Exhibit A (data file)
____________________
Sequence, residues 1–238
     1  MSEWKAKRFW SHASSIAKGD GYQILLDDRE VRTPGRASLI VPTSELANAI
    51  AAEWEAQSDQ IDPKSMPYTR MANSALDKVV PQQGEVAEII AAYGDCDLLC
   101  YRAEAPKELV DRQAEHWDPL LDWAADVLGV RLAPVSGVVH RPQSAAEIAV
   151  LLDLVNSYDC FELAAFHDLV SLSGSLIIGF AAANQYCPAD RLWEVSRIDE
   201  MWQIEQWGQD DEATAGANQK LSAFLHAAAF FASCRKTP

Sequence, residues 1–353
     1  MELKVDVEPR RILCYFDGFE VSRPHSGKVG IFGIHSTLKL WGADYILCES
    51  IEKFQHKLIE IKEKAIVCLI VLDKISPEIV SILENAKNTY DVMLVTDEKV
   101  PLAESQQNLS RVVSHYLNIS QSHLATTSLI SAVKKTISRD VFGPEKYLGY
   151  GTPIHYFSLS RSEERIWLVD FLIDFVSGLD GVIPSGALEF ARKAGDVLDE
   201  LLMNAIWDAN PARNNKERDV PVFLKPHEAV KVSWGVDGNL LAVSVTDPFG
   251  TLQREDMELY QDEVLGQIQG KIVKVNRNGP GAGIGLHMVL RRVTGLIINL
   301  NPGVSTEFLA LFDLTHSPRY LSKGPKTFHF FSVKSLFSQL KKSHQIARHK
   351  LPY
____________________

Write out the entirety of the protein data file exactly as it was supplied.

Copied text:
Sequence, residues 1–238
     1  MSEWKAKRFW SHASSIAKGD GYQILLDDRE VRTPGRASLI VPTSELANAI
    51  AAEWEAQSDQ IDPKSMPYTR MANSALDKVV PQQGEVAEII AAYGDCDLLC
   101  YRAEAPKELV DRQAEHWDPL LDWAADVLGV RLAPVSGVVH RPQSAAEIAV
   151  LLDLVNSYDC FELAAFHDLV SLSGSLIIGF AAANQYCPAD RLWEVSRIDE
   201  MWQIEQWGQD DEATAGANQK LSAFLHAAAF FASCRKTP

Sequence, residues 1–353
     1  MELKVDVEPR RILCYFDGFE VSRPHSGKVG IFGIHSTLKL WGADYILCES
    51  IEKFQHKLIE IKEKAIVCLI VLDKISPEIV SILENAKNTY DVMLVTDEKV
   101  PLAESQQNLS RVVSHYLNIS QSHLATTSLI SAVKKTISRD VFGPEKYLGY
   151  GTPIHYFSLS RSEERIWLVD FLIDFVSGLD GVIPSGALEF ARKAGDVLDE
   201  LLMNAIWDAN PARNNKERDV PVFLKPHEAV KVSWGVDGNL LAVSVTDPFG
   251  TLQREDMELY QDEVLGQIQG KIVKVNRNGP GAGIGLHMVL RRVTGLIINL
   301  NPGVSTEFLA LFDLTHSPRY LSKGPKTFHF FSVKSLFSQL KKSHQIARHK
   351  LPY